It seems crazy now, but even for the first 6 months of Settle, I was still trying to juggle other work. Being spread so thin didn’t get me anywhere and in the end, I had to step back and evaluate what I actually wanted from work, from my twenties etc. Letting go of other things has meant that I can take greater ownership of my role at Settle, and actually I still get to use all the different bits of me – a designer, a support worker, a consultant. The difference is that instead of worrying about future work, I just want to be on this journey with Settle. 
What’s your burning question of the moment?
What if beauty was an essential feature of designing services for vulnerable people?
Badly designed services are inefficient. People only have a finite ability to care about your offer and once it’s gone, it’s gone. I think it’s human instinct to gauge whether something is worth our time – often the clearest signifier is the level of care put into making it. If you get a generic letter, badly written with your name spelt wrong, do you open it? Is it worth replying? Is it worth attending the appointment? How far can design go in influencing someone's behaviour?
In the past, we’ve shocked commissioners by finishing Settle programmes with a 100% completion rate. It’s pretty rare when working with young people with so much going on in their lives. For me, though, that’s proof that our design is good – we let people know they’re valued and that we're invested in them seeing the programme through.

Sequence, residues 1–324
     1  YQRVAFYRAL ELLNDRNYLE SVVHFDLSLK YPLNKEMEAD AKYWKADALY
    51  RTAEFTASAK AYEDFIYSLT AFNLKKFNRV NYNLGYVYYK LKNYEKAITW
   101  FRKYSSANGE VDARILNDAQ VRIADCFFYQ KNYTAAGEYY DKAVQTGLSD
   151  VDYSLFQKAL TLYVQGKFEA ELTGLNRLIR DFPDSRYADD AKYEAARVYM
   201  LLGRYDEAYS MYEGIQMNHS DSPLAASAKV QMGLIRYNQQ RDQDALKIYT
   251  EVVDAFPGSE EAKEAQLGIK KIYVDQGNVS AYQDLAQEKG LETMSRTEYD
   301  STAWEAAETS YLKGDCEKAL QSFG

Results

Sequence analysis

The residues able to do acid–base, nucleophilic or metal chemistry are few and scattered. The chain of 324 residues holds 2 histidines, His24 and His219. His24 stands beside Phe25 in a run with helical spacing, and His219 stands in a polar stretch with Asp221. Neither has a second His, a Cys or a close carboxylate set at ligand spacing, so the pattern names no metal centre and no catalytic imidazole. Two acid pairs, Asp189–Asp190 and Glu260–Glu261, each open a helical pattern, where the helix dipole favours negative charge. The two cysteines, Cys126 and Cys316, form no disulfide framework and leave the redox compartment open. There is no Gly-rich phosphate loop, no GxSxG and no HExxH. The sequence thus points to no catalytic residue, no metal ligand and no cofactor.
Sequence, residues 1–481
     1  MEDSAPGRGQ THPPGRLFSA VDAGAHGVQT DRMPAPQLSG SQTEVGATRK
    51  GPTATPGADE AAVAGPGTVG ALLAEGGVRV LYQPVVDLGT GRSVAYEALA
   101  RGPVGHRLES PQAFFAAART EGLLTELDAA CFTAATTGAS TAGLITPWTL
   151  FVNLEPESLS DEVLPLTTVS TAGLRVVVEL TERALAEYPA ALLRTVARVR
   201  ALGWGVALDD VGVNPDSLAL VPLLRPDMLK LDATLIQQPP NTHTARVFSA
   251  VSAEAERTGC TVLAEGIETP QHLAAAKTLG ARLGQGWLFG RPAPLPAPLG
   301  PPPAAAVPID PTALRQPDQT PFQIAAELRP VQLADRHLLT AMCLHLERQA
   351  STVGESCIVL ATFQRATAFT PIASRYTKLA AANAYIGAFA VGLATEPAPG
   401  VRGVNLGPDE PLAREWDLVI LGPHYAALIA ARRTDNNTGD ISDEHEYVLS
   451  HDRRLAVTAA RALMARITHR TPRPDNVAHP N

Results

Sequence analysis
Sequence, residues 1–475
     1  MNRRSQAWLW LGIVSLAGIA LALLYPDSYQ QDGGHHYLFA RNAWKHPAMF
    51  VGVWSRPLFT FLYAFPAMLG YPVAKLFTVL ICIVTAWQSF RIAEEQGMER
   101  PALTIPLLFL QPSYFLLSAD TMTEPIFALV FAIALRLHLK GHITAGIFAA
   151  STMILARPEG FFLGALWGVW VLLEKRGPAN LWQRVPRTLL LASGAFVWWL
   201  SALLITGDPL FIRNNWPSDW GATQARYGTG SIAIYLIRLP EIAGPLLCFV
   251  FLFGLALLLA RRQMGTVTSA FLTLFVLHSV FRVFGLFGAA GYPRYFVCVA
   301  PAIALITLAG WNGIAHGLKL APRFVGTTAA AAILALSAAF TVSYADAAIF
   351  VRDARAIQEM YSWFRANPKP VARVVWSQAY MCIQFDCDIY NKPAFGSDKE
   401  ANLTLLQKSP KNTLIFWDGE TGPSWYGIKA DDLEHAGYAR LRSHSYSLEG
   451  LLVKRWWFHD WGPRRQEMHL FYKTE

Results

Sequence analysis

What’s the most inspiring thing you’ve seen/ heard/ read in the last year?
Last year I had some CBT therapy that blew my mind.
I find the underpinnings of CBT so hopeful. As humans we improvise the whole time, so lots of our behaviours start as a one-off response a new situation. If our response seems “successful” – if it gets us what we want or tallies with an existing belief we had about our world – we repeat it and after a while it becomes reflex.
Often the only reason we do things the way we do is because it's the route of least resistance for the little zippy electric signal pinging through our brains.